Adding Mindfulness to Your Sport or Exercise
By Greg Chertok, M.Ed., CC-AASP
The medical community is abuzz with talk on the benefits of mindfulness, a form of meditation that changes the relationship we have with our focus, and particularly our thoughts about the things on which we’re focusing. To be mindful means to pay attention to what’s happening in the present moment without any judgment, but rather openness, curiosity, and a willingness to be with what is. Lots of everyday tasks, like eating or dishwashing, can either be done mindfully, with full attention to the sensations within each moment, or mindlessly. Neuroscientific evidence suggests that practicing mindfulness may be associated with structural and functional changes in brain areas responsible for attention, regulating emotions, and self-awareness. Conditions such as depression, anxiety, chronic pain, and PTSD are all improved with regular mindfulness practice.
But many of us scratch our heads in considering its place in competitive sports and the high-intensity strength & conditioning space. Those training are presumably doing so with the intention of becoming tough, battle-hardened warriors; the idea of being present, curious and open to “being with what is” may seem silly and irrelevant. But some of the world’s toughest athletes are also the most mindful. These ideas are not mutually exclusive; in fact, they’re likely to co-occur. Here’s how you can bring a more mindful approach to your sport or activity.
Focus on your breathing
For most of us, the majority of our lives is spent not paying any attention at all to the act of breathing. This is truly remarkable, when you consider that we perform the action well over 20,000 times every day. We breathe as a survival mechanism, involuntarily and mindlessly respiring to stay alive. However there are moments when being mindful about your breathing, and using it as a means for relaxing and gaining self-control, would be helpful.
We average between 16-18 breath cycles per minute. That is, when we’re unaware of our breathing patterns – which isn’t the case now, since you’re likely focusing on your breathing and therefore your normal patterns have changed – we may breathe in and out 17 times each minute. As anxiety swells within us moments before a difficult task in the gym or anger rages in response to an error on the field, our breath cycles increase exponentially and our breathing becomes shallow, often without us realizing it, preventing a healthy flow of oxygen into the bloodstream and the brain.
The mindful athlete has the capacity to check in on her breathing and notice the changing patterns, without judging the rapid breathing as detrimental or problematic. She’s willing to simply be with her breath, watching the breath, which makes slowing down the cycles far easier. And shifting attention to her breathing helps her remain anchored in the present moment (after all, our breathing is never anywhere but in the here and now).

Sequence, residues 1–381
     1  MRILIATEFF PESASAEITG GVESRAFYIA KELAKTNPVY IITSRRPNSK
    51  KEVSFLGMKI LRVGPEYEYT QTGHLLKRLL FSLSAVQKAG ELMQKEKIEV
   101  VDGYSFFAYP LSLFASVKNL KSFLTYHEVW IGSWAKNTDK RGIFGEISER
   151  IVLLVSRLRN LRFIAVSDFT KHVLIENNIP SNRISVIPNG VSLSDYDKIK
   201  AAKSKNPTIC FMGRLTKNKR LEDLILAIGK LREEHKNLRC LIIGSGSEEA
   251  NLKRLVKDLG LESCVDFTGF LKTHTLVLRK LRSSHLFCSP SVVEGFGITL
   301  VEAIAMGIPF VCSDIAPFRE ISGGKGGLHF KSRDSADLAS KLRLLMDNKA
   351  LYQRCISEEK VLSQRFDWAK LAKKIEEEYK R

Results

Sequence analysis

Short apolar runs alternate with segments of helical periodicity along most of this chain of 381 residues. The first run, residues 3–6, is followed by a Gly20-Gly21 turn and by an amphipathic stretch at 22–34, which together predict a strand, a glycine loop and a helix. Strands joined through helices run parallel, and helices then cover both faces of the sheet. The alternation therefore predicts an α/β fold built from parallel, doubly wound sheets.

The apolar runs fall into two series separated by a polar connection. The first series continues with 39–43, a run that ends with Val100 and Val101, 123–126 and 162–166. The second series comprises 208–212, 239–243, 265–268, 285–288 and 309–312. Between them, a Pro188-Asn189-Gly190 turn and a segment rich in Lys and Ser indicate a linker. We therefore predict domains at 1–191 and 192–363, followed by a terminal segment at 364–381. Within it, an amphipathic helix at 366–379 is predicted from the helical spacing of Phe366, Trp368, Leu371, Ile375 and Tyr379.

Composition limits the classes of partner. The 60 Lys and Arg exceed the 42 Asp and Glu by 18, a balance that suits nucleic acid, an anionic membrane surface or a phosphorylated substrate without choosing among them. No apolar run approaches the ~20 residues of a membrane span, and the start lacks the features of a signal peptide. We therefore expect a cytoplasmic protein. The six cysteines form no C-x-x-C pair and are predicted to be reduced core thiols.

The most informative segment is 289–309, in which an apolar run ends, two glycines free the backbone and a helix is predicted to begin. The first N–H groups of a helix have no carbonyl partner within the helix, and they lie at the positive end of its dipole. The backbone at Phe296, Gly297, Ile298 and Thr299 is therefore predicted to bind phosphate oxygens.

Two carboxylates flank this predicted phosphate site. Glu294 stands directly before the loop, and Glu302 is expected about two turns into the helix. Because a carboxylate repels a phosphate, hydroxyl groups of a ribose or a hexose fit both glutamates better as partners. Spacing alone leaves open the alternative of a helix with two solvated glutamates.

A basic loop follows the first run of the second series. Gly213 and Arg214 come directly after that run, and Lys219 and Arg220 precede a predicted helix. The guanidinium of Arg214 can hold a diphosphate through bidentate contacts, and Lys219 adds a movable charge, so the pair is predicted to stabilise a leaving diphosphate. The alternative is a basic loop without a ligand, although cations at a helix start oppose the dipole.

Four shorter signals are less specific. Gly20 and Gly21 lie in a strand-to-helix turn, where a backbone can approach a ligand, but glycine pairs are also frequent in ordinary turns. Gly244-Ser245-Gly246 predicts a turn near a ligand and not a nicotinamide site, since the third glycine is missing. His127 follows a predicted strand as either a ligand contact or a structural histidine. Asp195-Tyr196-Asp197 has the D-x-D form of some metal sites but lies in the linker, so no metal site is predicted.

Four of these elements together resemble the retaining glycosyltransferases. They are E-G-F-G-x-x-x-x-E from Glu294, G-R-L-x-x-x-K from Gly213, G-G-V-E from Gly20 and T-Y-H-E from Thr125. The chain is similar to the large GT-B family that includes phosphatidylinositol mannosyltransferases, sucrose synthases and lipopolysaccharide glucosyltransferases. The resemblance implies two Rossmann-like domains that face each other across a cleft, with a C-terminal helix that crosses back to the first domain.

Focus on your body
Amid the swirling sea of continuous internal chatter, we may lose sight that it’s possible to shine the flashlight of our attention onto something other than our own thoughts. If I were to ask you, in this moment, to shine the flashlight onto your left arm – that is, focus on its positioning and sensations – you would all be able to do so, without even having to look down at it. We’re highly capable of attending to our bodies, and doing so often provides rich, accurate information about our relationship to things in the environment. The challenge is simply a matter of listening to what our bodies have to say. For instance, recent research finds that to combat obesity, adolescents must be mindful of whether they are even hungry, a technique that requires focusing on the sensations of our body. Members of such groups are often not conscious that they are eating too fast, which leads to feeling uncomfortable afterward. Learning to check in with one’s body while eating may prevent this.
The mindful athlete will listen to his body, with openness and without criticism. At the free throw line before two big shots, he may shine the flashlight onto his body and notice unpleasant tension in his shoulders, a signal that it may be time to bring some relaxing awareness to the area and slow down before going through his shot process. The tendency to rush the shot simply to “get it over with” and escape the discomfort speaks to a mindless, and often unsuccessful approach.
Be curious about your performance
The immediate and reflexive display of anger after a mistake or misstep is characteristic of most mentally-untrained athletes. This population generally views mistakes as damaging (“Mistakes are bad, and I guess this means I’m bad”), which heightens anxiety. Compare this to the mindful athlete, who tends to view mistakes differently.
I had the luxury of watching Novak Djokovic during an on-court practice session days before the U.S. Open tournament several years ago. As he went for a forehand winner, he clearly mis-hit the ball, which went right into the net. His reaction wasn’t a leg slap, or a thrown racket, or an enraged scream – reactions that are reminiscent of the junior tennis players I observe – but a look of curiosity. The look conveyed the thought of “Hmm, I wonder what caused that” rather than “I can’t believe I did that!” Being curious about mistakes opens you up to make adjustments and corrections. Being judgmental about them makes it nearly impossible to do so; the emotional intensity of the reaction gets in the way of any learning or adjusting.
Rather than furrowed brows and clenched fists, the mindful athlete will greet a mistake with quizzical expressions and thoughtful moments of silence. He latches onto a missed point or a poor shot as an opportunity to learn something, and to grow a little bit.